The latter half of 2023 saw home sales and home prices dropping in Toronto, and a similar effect was reported across Canada. But a new report by Zoocasa found that home price drops have hit regions in Ontario the hardest — including in the Greater Toronto Area (GTA).
The analysis of benchmark prices in 21 regions across Canada saw seven Ontario markets topping the list for the largest price drops since June 2023. Kitchener-Waterloo took the lead with an 8.9 per cent decline, followed closely behind by London and St. Thomas with a 7.8 per cent price drop, the GTA with a 7.7 per cent price drop and Hamilton-Burlington with a 7.7 per cent price drop. Cambridge, reporting a 6.9 per cent decline, Guelph, with a 6.6 per cent decline and Niagara Region with a 4.8 per cent decline also hit the top of the list.
One other Ontario region made the list — Ottawa, in 11th place with a more modest 3.6 per cent decline. Most other large regions in Canada experienced home price drops since June 2023, including Winnipeg and Regina at just over 4 per cent Edmonton and Victoria around 2 per cent, the Greater Vancouver Area at 1.5 per cent and the Montreal CMA (census metropolitan area) with barely a decline at 0.4 per cent.
Only three Canadian regions included in the report managed to squeak by with a barely-there price increase: Saint John, N.B. saw prices increase by 0.1 per cent, St. John’s, N.L. by 1.5 per cent and Calgary by 1.7 per cent.
Price changes year-over-year were less extreme — in the GTA, the November 2023 benchmark home price of $1,081,300 is a 0.1 per cent increase compared to last year.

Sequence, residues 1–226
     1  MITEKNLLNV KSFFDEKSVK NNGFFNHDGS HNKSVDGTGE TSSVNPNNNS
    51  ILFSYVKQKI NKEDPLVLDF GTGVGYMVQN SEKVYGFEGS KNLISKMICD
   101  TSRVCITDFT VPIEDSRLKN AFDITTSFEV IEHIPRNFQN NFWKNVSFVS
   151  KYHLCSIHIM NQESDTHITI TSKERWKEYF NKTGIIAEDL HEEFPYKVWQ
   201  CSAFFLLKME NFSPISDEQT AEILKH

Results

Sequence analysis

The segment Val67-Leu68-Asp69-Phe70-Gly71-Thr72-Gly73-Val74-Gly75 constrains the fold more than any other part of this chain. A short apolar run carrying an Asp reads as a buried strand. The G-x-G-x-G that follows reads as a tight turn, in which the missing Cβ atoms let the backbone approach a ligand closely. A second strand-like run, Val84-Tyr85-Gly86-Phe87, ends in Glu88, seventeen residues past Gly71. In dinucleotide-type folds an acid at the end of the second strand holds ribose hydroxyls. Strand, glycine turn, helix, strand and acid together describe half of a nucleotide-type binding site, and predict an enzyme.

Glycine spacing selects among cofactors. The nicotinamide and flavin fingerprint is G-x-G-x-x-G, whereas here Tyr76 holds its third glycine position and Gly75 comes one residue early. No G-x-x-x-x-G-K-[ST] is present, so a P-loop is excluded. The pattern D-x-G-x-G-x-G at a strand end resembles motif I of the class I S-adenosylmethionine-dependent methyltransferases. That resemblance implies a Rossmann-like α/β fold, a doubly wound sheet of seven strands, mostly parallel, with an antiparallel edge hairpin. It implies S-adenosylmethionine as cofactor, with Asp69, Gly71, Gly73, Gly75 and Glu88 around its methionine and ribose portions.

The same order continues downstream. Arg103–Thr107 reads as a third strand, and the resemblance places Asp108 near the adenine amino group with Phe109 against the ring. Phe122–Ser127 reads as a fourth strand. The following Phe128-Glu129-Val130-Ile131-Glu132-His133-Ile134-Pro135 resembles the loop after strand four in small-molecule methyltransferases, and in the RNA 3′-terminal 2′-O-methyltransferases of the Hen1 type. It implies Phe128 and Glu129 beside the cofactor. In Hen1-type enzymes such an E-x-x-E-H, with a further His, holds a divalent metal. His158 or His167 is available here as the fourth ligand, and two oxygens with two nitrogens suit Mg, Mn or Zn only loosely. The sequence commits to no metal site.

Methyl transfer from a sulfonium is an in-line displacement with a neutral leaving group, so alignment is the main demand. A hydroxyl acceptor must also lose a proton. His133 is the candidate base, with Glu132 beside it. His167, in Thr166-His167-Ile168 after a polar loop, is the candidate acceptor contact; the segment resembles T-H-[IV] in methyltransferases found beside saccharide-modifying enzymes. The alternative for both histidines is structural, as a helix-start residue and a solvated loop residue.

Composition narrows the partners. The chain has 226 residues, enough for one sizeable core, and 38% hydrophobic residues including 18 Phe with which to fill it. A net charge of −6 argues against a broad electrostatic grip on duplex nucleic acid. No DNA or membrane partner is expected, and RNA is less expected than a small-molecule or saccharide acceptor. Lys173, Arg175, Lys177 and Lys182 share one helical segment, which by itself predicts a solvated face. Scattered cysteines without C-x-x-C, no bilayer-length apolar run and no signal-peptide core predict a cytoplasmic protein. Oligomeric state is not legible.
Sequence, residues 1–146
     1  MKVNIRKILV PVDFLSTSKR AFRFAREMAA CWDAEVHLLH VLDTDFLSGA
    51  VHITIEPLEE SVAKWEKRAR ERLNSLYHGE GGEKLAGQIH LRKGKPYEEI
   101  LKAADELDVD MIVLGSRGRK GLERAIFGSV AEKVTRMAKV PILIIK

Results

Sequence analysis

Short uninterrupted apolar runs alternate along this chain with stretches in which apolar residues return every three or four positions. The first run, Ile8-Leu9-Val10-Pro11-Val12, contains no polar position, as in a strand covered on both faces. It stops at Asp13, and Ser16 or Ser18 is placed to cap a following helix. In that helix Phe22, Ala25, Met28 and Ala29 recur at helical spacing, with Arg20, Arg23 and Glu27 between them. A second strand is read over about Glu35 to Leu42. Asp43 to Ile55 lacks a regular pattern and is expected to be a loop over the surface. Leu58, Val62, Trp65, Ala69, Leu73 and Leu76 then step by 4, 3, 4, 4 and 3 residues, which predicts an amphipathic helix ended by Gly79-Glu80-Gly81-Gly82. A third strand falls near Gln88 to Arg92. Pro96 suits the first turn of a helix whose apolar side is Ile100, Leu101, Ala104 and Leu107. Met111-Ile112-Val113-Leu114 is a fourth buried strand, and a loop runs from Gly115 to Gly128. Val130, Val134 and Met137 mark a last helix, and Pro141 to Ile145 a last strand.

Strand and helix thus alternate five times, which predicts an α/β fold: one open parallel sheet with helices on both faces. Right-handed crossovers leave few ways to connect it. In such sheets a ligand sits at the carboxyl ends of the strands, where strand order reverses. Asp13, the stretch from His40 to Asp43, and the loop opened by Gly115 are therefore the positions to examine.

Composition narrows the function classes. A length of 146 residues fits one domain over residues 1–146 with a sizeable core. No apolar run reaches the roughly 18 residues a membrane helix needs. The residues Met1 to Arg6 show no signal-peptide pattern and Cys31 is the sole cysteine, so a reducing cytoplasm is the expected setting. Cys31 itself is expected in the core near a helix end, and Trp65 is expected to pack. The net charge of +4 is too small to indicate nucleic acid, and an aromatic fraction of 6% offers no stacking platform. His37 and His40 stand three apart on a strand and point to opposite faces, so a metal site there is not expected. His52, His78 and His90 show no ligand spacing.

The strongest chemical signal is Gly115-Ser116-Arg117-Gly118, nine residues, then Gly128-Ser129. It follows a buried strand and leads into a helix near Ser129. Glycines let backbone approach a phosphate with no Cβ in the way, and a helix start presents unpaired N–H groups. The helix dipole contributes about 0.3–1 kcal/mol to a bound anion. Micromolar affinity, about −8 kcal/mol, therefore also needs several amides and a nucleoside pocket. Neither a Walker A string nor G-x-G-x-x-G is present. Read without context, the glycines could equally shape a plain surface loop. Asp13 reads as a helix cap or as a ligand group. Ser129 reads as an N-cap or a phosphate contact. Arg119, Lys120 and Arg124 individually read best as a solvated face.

Single-family homes seemed to show the most change, with the GTA reporting a 7.8 per cent price drop to $1,291,000 since June 2023. Kitchener-Waterloo saw a whopping 9.7 per cent drop and Hamilton-Burlington an 8.5 per cent drop for the same type of homes.
The market had a less significant effect on condo prices, as the GTA only experienced a 4.8 per cent decline to $695,300 — the second-largest price change for condos in the country.
“Demand for more affordable property types remained steady in 2023, especially as many buyers were forced to grapple with higher interest rates,” the report noted.
Since the GTA’s average home price peaked in 2022, a series of interest rate hikes have led to a slow market and — despite a short-lived rebound in 2023 — have seen the city hit an over 20-year record low for home sales last year. Experts are predicting a market recovery to begin mid-2024 and an interest rate that may bottom out by the end of the year.